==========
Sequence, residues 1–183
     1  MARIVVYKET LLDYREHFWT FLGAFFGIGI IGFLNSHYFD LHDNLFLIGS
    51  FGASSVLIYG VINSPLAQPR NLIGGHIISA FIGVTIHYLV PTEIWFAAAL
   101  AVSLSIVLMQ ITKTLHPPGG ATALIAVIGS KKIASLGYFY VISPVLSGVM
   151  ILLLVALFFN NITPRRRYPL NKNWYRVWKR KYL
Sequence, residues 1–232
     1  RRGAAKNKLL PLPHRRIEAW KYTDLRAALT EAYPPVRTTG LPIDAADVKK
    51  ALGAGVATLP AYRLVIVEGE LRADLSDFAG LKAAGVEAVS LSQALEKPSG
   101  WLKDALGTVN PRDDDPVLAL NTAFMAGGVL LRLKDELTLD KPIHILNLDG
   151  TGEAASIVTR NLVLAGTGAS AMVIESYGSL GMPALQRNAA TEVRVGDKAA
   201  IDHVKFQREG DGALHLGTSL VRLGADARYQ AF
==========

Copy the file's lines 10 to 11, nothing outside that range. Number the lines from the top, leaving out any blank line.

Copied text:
   151  TGEAASIVTR NLVLAGTGAS AMVIESYGSL GMPALQRNAA TEVRVGDKAA
   201  IDHVKFQREG DGALHLGTSL VRLGADARYQ AF